Artist Alex Stanton has a thing for photography, but he doesn’t actually take any pictures. His obsession with photography is focused on the vintage gear so many of us adore; gear he’s decided to preserve in extreme detail using a mix of concrete, bronze, copper, brass, patina, rust, iron, epoxy. Read more…
Lomography has officially announced the LC-A 120, a 120 film model of its successful 35mm LC-A+ and LC-Wide cameras. Small and automatic, Lomography has officially deemed this little guy, “the world’s smallest fully-automatic 120 film camera.” Read more…
A lot of film people have deep connections to Super 8 cameras, once the medium of choice for everyone from film school students to porn directors. But it’s getting harder and harder to actually use the things, as stocks of film cartridges dwindle.
To the rescue comes Nolab, a project to build a digital adapter that will allow any Super 8 camera to shoot 720p HD video. Read more…
Lomography is no stranger to releasing strange cameras — everything from Where’s Waldo editions to a hand-cranked movie camera have crossed our desks — but the Transparent Collector’s Edition Konstruktor is perhaps cooler and definitely less useful than all of those.
That’s because the Transparent Konstruktor camera that Lomography just announces is, as the name implies, a transparent film camera… which also makes it an unusable film camera. Read more…
Back in 1948, The Society of Motion Picture and Television Engineers defined high-speed photography as any 3 frames or more captured at a rate at or above 128 frames per second, but even back then high-speed cameras performed well past that mark.
The public domain video above gives us a short peek at how far high-speed photography tech had advanced by the mid-1960s, when Wollensak’s Fastax models were some of the foremost high-speed cameras on the market, capturing action at speeds of up to 18,000fps. Read more…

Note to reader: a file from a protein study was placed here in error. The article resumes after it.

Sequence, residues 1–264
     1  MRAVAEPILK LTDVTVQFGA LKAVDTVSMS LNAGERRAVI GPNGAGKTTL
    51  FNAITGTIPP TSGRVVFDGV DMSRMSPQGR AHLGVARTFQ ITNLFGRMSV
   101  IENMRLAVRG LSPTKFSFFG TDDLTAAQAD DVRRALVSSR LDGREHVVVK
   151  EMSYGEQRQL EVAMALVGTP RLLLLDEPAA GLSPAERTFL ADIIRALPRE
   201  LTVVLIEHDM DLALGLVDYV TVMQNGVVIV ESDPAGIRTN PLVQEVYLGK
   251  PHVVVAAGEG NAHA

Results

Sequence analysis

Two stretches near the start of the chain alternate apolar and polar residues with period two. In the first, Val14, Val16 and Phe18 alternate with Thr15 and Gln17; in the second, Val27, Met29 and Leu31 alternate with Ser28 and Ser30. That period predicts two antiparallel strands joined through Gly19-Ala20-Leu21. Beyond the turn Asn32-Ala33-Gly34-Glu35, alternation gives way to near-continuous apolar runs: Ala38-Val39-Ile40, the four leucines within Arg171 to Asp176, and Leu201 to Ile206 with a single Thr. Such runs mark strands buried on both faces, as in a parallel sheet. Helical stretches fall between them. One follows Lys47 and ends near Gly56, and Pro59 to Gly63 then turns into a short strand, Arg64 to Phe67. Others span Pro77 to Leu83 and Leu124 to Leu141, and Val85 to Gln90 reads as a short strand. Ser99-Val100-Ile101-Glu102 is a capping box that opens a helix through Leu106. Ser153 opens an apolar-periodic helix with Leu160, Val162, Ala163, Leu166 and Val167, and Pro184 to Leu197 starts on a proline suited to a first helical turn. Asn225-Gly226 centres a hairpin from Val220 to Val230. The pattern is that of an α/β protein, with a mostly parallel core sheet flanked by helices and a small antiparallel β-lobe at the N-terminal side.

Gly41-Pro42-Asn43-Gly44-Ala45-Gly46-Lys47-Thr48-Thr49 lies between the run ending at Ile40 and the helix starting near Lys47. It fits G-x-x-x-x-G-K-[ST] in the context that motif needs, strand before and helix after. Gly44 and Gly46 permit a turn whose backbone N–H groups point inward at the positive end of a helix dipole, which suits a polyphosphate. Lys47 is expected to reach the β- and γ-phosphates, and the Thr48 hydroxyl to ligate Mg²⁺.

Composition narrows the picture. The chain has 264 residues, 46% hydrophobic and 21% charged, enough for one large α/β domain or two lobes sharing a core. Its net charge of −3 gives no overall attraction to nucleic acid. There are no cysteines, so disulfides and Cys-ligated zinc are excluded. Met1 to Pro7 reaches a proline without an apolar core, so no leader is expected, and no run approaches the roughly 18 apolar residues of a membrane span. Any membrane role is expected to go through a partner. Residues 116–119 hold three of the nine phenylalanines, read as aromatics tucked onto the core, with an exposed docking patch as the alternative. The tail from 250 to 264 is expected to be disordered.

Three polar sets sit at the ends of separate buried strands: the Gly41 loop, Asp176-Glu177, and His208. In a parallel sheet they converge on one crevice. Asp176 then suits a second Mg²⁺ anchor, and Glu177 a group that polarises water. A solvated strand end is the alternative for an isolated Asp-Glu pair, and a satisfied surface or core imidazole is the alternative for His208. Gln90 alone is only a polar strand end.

It’s the end of an era. Photojournalist Steve McCurry has developed the last roll of Kodachrome film produced by Kodak.
National Geographic has been following the final journey of the last Kodachrome roll ever since Kodak’s announcement last year that it would retire Kodachrome. Kodak has been manufacturing Kodachrome since 1935.
McCurry developed 36 slides on Monday at Dwayne’s Photo Service in Parsons, Kansas, which is the last labs to process the film type. The final images were shot in New York City, but the last three frames were taken in Parsons.
If you’ve got undeveloped canisters of Kodachrome of your own, Dwayne’s will develop them only through December of this year.
(via Associated Press)
Image Credit: Old Kodachrome canisters by Ryan Sahb
The Holga 120 3D Stereo Camera is a plastic, medium-format camera that captures two slightly offset images at the same time on 120 film. The resulting images are then viewable in stereo 3D using the special Holga 120 3D Slide Viewer. The camera itself costs $100, but for $150 you also get the 3D viewer, some 120 film, and a set of slide mounts.
If you’d prefer doing 3D photography digitally, Fujifilm’s FinePix REAL 3D W1 can do the trick, though, with an MSRP of $600, it costs nearly six times as much.